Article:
Needless to say, the #Snowmageddon of 2015 was surely a bust – meteorologists apparently took a page out of the econ textbook, with predictions being off by several feet of snow. And while the blizzard was not as bad as many feared, the real “storm” hammering Wall Street has been several surprisingly sour earnings reports.
Missing the Mark
In just the last few days, several big-name companies announced troubling results for the fourth quarter, and many of which also gave lower forecasts for the upcoming quarter and year:
- Caterpillar (CAT ) missed EPS estimates, reported falling revenues, and slashed its FY2015 revenue estimate to $50 billion.
- Du Pont (DD ) managed to match EPS estimates, but fell short on sales. The company also lowered its annual earnings estimates.
- Lockheed Martin (LMT ) posted lower earnings, but managed to beat revenue estimates.
- Procter & Gamble (PG ) announced lower earnings and revenue from a year prior, which were well below expectations.
- Microsoft (MSFT ) managed to beat revenue estimates and match EPS, but the company guided well below the Street’s expectations for 2015.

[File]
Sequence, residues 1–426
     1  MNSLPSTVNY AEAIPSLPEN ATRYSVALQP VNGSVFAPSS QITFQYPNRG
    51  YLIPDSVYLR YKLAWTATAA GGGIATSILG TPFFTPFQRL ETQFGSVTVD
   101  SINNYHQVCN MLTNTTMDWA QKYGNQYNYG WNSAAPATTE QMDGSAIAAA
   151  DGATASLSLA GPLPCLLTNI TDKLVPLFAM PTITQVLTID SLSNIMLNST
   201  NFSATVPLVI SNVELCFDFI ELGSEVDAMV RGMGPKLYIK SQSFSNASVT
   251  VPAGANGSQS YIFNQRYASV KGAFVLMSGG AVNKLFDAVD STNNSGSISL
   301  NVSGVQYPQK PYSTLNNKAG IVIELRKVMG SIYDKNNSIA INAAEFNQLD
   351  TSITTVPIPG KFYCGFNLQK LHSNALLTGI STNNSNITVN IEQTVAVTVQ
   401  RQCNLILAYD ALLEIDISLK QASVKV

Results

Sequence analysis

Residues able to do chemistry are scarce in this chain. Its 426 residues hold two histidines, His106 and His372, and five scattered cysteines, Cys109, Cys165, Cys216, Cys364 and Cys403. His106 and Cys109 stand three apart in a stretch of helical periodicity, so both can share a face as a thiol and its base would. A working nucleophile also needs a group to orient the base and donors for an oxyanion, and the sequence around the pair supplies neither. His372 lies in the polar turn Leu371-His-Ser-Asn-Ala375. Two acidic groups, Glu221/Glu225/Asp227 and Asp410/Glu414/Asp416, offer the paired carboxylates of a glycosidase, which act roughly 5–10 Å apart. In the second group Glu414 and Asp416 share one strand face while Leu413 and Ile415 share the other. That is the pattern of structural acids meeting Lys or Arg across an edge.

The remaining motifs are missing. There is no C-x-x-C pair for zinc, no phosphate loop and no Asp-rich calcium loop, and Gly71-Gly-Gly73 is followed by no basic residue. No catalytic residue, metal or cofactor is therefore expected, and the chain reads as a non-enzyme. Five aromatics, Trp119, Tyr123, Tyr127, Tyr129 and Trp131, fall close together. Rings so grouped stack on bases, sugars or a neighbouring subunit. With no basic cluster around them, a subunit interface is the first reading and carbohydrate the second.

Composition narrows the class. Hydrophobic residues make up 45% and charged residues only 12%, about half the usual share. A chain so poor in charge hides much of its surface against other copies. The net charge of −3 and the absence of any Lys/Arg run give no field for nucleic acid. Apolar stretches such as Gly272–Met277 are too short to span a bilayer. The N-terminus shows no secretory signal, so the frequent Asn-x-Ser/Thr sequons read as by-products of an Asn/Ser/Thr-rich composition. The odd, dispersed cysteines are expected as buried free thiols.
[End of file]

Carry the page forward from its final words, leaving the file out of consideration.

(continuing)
Earlier in the season, many of the big banks reported worse-than-expected results, including Morgan Stanley (MS ), Bank of America (BAC ), and Citigroup (C ). The lower forward guidance announced by a number of companies is also troubling.
A Red Flag for the Labor Market
Making matters worse, several large companies have announced significant cuts to their labor force:
- IBM (IBM ) will cut over 110,000 jobs.
- American Express (AXP ) will let 4,000 workers go.
- Baker Hughes (BHI ) will lay off 11% of its workforce.
- Halliburton (HAL ) will cut 1,000 jobs.
- Coca-Cola (KO ) will reduce its workforce by 1,600 to 1,800 employees.
- Schlumberger (SLB ) will lay off 9,000 workers.
While many of these companies are scrambling to cut costs due to the massive slide in oil prices, some of these firms are cutting back for more troubling financial reasons. One trend that has emerged among analysts is that more job cuts are expected in 2015 – banking is just one of the sectors expected to reduce its labor costs.
Tough Times Ahead?
The disappointing results from several big-name companies combined with the news of job cuts has many investors understandably worried about the outlook for 2015. As we’ve mentioned previously, many factors will come into play this year including corporate performances, diverging global monetary policies, the housing market, a stronger dollar, weak wage growth, and now a red flag for several corners of the labor market. Earnings season, however, is not yet over – we’ll be sure to keep you updated with the latest earnings news as it comes in.
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